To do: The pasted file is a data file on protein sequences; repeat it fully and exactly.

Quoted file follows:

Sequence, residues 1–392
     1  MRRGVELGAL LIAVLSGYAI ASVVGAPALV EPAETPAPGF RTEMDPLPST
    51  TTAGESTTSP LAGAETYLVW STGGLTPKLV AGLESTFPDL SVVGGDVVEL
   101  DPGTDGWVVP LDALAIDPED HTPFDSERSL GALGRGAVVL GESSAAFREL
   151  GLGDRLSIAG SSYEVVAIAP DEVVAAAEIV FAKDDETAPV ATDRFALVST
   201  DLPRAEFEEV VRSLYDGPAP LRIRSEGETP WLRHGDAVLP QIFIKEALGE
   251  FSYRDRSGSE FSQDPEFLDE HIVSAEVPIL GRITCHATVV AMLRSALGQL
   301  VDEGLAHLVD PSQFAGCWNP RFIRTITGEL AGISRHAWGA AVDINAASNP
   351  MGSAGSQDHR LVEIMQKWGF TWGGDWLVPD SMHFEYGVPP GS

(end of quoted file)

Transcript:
Sequence, residues 1–392
     1  MRRGVELGAL LIAVLSGYAI ASVVGAPALV EPAETPAPGF RTEMDPLPST
    51  TTAGESTTSP LAGAETYLVW STGGLTPKLV AGLESTFPDL SVVGGDVVEL
   101  DPGTDGWVVP LDALAIDPED HTPFDSERSL GALGRGAVVL GESSAAFREL
   151  GLGDRLSIAG SSYEVVAIAP DEVVAAAEIV FAKDDETAPV ATDRFALVST
   201  DLPRAEFEEV VRSLYDGPAP LRIRSEGETP WLRHGDAVLP QIFIKEALGE
   251  FSYRDRSGSE FSQDPEFLDE HIVSAEVPIL GRITCHATVV AMLRSALGQL
   301  VDEGLAHLVD PSQFAGCWNP RFIRTITGEL AGISRHAWGA AVDINAASNP
   351  MGSAGSQDHR LVEIMQKWGF TWGGDWLVPD SMHFEYGVPP GS